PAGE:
The short stature of children of their age is a direct manifestation of stunting in children. But there are several factors that contribute to a child’s stunting.
A child or toddler is considered stunted if their length or height are measured and then compared to the standard, with the results falling below the normal range.
Stunting in children is a problem because it is associated with an increased risk of brain development problems, motor development problems, and mental growth retardation in children.
Mothers must be well-versed in the characteristics of stunting. Because a child suffering from stunting does not only have short stature. Other features include:
- Growth slows and does not occur at a normal rate for the age.
- Teeth develop later than usual.
- His face appears younger than his age.
- At the age of five, weight does not increase and, in fact, tends to decrease.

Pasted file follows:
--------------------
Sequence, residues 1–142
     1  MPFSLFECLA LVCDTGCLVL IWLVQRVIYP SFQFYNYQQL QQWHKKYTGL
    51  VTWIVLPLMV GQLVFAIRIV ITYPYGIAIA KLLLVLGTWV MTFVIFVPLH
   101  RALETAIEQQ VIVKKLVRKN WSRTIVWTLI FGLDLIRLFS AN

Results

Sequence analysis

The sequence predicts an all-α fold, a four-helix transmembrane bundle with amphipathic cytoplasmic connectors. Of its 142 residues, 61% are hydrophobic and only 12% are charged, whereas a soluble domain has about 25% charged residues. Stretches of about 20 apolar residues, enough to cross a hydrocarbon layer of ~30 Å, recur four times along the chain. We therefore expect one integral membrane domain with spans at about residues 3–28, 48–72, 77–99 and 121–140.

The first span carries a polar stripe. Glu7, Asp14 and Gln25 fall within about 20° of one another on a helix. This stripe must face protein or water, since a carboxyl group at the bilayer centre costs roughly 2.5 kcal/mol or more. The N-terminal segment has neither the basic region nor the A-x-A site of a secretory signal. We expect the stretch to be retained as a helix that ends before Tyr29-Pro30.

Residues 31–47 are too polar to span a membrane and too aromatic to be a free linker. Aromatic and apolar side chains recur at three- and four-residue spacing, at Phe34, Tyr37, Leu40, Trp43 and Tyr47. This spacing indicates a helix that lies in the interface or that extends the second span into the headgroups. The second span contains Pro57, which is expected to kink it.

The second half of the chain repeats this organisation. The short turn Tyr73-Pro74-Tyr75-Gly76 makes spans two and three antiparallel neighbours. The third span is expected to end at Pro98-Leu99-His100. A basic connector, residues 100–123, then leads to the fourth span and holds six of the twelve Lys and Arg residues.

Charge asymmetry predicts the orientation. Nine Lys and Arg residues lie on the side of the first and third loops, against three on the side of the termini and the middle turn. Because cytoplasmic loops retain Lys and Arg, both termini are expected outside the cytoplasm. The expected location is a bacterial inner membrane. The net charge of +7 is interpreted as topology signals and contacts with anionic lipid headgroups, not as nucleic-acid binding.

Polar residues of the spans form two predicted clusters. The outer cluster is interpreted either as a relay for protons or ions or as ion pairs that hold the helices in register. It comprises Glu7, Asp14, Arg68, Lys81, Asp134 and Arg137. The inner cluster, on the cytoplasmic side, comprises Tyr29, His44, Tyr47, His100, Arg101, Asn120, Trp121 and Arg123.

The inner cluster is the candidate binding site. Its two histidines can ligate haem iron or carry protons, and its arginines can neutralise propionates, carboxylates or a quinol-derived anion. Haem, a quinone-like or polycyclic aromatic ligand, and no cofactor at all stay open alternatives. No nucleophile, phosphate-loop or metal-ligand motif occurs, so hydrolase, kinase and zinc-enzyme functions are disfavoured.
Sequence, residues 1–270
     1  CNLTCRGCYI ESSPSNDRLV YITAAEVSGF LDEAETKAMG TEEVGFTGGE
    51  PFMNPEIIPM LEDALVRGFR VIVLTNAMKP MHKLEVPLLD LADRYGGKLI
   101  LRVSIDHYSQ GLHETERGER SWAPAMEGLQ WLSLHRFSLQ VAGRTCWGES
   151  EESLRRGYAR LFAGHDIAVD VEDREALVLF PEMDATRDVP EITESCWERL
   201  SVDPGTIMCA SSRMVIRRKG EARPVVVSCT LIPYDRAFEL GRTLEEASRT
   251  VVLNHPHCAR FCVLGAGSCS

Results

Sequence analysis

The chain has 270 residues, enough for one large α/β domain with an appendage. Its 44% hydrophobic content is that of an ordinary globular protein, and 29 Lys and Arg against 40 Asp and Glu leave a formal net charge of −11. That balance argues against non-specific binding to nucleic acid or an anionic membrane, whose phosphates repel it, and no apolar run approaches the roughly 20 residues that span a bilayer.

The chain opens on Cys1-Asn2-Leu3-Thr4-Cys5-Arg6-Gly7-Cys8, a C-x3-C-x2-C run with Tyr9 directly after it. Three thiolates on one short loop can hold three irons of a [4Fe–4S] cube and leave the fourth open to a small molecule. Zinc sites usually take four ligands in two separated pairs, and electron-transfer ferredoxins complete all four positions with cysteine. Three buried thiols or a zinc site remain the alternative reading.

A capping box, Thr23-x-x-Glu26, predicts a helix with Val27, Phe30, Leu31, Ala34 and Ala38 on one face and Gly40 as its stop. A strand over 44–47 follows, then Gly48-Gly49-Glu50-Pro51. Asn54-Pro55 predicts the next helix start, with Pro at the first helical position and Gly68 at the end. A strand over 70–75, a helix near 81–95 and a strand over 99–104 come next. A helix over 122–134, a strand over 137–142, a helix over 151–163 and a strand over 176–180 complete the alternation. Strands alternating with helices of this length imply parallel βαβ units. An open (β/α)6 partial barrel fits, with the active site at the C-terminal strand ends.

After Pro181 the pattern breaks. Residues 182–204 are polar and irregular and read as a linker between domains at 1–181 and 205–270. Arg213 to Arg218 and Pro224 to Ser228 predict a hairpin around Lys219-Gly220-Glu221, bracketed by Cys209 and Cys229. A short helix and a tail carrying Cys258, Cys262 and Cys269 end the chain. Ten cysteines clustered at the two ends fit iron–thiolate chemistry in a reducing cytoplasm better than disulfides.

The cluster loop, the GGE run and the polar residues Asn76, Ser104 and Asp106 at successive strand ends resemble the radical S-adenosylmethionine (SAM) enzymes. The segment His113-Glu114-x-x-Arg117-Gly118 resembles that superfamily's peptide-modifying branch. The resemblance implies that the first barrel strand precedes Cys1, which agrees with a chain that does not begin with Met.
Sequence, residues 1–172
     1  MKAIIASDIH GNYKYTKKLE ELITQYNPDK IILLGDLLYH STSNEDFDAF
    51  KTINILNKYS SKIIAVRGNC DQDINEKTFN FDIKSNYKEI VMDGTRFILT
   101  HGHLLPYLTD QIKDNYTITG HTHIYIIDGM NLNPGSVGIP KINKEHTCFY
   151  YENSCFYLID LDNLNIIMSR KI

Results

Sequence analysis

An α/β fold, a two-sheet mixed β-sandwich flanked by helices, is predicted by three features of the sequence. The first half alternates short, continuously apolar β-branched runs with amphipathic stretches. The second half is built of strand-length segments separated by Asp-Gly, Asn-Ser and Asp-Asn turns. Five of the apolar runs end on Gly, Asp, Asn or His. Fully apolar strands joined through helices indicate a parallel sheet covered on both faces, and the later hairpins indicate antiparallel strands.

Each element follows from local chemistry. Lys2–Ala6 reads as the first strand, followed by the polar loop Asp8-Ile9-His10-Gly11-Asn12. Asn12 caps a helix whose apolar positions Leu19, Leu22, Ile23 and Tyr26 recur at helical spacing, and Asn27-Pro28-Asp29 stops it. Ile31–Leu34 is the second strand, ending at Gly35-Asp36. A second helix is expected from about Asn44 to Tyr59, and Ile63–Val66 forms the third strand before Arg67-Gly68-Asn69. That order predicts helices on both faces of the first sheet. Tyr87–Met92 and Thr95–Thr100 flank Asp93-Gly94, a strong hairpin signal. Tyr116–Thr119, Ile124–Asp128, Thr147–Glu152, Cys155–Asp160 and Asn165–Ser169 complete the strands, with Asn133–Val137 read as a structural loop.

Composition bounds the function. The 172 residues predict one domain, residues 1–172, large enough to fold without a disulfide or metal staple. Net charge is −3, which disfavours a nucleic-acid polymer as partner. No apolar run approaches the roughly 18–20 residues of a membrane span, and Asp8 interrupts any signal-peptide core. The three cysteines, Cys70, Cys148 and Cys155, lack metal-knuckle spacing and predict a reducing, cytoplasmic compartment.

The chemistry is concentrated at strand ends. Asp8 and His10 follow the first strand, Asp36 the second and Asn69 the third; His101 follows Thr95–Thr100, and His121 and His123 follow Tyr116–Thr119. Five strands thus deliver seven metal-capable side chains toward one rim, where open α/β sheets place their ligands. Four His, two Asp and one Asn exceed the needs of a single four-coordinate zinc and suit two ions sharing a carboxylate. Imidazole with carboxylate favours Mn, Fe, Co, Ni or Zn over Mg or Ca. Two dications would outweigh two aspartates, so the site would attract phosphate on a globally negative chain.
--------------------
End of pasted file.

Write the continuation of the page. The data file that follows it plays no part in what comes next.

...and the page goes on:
- Lack of concentration when studying in school-age children (concentration disorders).
- Children between the ages of 8 and 10 become more withdrawn, making little eye contact with those around them.
- Late menarche (daughter’s first menstruation) impedes the development of the child’s body.
- Children are easily ill and vulnerable to a variety of infectious diseases.
Child stunting occurs in Indonesia not only among poor and underprivileged families, but also among families who are not poor/have a social and economic welfare level greater than 40%. So, let us learn about children’s nutritional needs in order to prevent stunting!
Also read: 5 Easy Ways to Prevent Diabetes in Children